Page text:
Thursday, June 18, 2009

Tom Dustin goes Blue tonight at Mottley's

Tom Dustin regularly delivers stories about his personal life onsage that, when heard secondhand, would probably not make him seem terribly likable. His slmiy entertainment lawyer character from Robby Roadstemaer's Quiet Desperation webcom series won't help that image much. But watch the crowd when he tells them about his dating habits or makes a particularly offensive joke about race, and you won't see many disgusted faces. What you'll usually see is a lot of people laughing. Tonight at Mottley's, Dustin invites some of his friends into his comic world with Dark Blue.

What's the general concept behind Dark Blue?

Dark Blue is a dirty, politically incorrect stand-up comedy show. Dirty shows are not a new idea. But instead of having a bunch of easy F-words, thoughtless sex jokes and racist shock humor that you might expect from a show billed as such; I wanted to get some truly talented comedians who typically shy away from the edgier side of comedy and have them use the material that might be considered inappropriate for general audiences.

"Dirty" comedians are often asked to "keep it clean" by booking agents. But I've never heard of a "squeaky clean" comic being asked to bust out their edgiest stuff. So, that's exactly what I decided to do.

What made you decide to do the show?

Bill Cosby, Brian Regan, Jerry Seinfeld and Jim Gaffigan. These guys are all hysterically funny and they all work squeaky clean. I wondered what it would be like if they worked "blue".

So, I decided to take amazing comedians, most of whom almost never swear onstage and rarely explore controversial issues or taboo topics, and tell them to do the material that they have that is too questionable to perform at most shows. I said "I want to hear that hilarious, dark blue stuff that usually gets cut out of your act for fear that someone might be offended enough to write a letter of complaint because their delicate sensibilities might be injured." I said, "let it all hang out".

How did you decide who would be on the bill?

I booked the guys who make me laugh.

Joe List was the easiest choice. We've been friends since we started in comedy and he's hilarious. He works the best clubs all around the country and plays by the rules at those venues. But, Joe's stockpile of material contains the funniest filth I've ever heard and he rarely gets to show that stuff off.

Jason Kanter is a comic originally from Ohio who now lives in NYC. He's a great writer and has some twisted stuff that will undoubtedly fetch big laughs where groans might be (on another show).

Josh Gondelman is doing a spot also. Josh is the nicest, most polite and likable comic in Boston. I'm trying to turn him to the dark side.

Tim Kaelin and I have been talking about doing a show like this for years. While Tim isn't known for being squeaky clean, he is intelligent enough to be filthy-funny without just being filthy.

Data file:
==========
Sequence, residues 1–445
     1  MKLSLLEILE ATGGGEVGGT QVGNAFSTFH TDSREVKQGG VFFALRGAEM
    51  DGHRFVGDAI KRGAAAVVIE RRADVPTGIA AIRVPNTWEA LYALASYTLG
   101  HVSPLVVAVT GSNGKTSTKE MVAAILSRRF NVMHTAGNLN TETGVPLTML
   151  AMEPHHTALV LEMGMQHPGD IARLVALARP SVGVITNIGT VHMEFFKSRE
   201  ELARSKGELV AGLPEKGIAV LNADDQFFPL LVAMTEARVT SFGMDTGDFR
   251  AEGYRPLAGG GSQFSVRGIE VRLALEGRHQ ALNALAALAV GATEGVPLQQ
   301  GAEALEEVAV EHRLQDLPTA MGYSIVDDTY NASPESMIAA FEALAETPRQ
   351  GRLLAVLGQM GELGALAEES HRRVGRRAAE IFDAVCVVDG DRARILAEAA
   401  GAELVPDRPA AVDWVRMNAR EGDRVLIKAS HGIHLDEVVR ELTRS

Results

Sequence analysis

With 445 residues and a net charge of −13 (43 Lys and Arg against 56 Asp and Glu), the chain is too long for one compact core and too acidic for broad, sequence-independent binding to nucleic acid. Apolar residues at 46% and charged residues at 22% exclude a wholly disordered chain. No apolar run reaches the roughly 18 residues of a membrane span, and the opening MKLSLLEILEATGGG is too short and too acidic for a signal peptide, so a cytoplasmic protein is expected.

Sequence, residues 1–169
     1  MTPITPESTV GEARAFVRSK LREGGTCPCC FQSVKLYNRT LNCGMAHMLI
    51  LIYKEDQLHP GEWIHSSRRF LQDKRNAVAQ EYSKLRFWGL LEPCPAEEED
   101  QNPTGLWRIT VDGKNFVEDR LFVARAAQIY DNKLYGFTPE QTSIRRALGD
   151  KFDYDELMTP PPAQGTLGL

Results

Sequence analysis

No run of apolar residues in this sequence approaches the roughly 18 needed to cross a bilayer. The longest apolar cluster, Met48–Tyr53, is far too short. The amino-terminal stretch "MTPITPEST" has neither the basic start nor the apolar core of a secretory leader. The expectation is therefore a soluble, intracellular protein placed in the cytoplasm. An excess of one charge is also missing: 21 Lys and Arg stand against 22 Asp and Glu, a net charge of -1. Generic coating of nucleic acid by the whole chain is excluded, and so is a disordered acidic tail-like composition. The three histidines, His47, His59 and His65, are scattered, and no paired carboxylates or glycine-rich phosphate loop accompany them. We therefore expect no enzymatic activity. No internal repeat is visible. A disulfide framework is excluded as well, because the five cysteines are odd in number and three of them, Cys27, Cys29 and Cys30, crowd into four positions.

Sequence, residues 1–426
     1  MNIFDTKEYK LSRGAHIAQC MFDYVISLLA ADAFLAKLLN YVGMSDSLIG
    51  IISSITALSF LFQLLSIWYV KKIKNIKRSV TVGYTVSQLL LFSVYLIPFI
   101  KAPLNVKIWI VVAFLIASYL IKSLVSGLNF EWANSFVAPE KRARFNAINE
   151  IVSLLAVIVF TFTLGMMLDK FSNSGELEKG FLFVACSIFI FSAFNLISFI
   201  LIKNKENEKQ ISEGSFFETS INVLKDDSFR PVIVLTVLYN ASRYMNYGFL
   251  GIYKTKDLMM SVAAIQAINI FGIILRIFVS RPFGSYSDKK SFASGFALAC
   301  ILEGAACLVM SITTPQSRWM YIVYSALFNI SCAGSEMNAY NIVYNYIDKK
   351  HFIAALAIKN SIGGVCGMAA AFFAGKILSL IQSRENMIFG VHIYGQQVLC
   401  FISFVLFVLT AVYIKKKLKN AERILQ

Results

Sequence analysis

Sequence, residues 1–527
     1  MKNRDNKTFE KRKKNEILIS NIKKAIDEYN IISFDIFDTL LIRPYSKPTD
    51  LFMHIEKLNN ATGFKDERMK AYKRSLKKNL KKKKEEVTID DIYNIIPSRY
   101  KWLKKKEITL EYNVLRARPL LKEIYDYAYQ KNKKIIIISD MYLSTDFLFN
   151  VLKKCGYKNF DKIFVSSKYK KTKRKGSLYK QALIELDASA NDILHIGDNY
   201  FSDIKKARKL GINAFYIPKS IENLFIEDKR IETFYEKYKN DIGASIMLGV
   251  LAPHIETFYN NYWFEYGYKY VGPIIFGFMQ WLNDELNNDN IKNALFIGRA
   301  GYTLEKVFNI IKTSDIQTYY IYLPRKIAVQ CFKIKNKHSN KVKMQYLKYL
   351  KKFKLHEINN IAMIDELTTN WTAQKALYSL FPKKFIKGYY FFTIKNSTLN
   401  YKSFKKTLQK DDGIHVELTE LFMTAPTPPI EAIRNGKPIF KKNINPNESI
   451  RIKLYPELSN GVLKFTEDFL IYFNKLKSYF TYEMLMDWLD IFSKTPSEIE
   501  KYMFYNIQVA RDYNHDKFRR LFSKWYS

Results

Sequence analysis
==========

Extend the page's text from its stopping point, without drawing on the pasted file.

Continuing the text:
Juston McKinney really personifies what the show is about. He is a squeaky clean comic who has done The Tonite Show and won the "Listerine clean comic award". I'm looking forward to watching him go dirty for once.

Is this a show you'd do again, or regularly?

I'd like to have it as a monthly show. And I've had alot of great comics ask to be on future installments. But for now, we'll see how this one goes.

You have a unique ability to say awful things to a crowd of people and make them laugh. How do you develop that skill without getting beat up after the show every night?

I get away with saying some things that other comics might have a hard time pulling off. I don't do it to intentionally offend people, I'm just being myself and saying things that I think are funny. After all, I am trying to get them to laugh and have a good time. Plus, if you make most of the crowd laugh, you've got alot of back-up if a few sensitive audience members want to kick your ass.

Is there anything you wouldn't consider talking about onstage?

I can't think of any topic that I wouldn't cover if I thought it could be funny. I don't ever want anyone to be mad or sad based on something I said. It's comedy. It's suppose to make you feel good. But, at the same time, I feel like there are people who go through life looking for things to get mad and complain about; they want to be offended just so they can whine about it. I have never understood how people get offended by anything a comedian says. I always want to ask them: "where does it hurt?". Because I don't get offended by words and ideas. To me, there's only funny and unfunny. There is no offensive.

Do you improvise your parts for Quiet Desperation?

Yeah. For the most part, the Quiet Desparation series is all improvised. Roadsteamer tells me what the scene is about, gives me some ideas of direction and then we shoot it.

What appeals to you about that role?

My lawyer character is basically an extremely exaggerated version of my real self, so it's not really a stretch for me. I love the idea of playing a total scumbag with no morals, no ethics, and no concern for what anyone thinks about him. I'm a fan of villains.

Do you plan to do more acting in the future?

I've loved doing the stuff I've done. And I'd love to do more if the opportunity presents itself. But, right now I'm just trying to focus on my stand-up.

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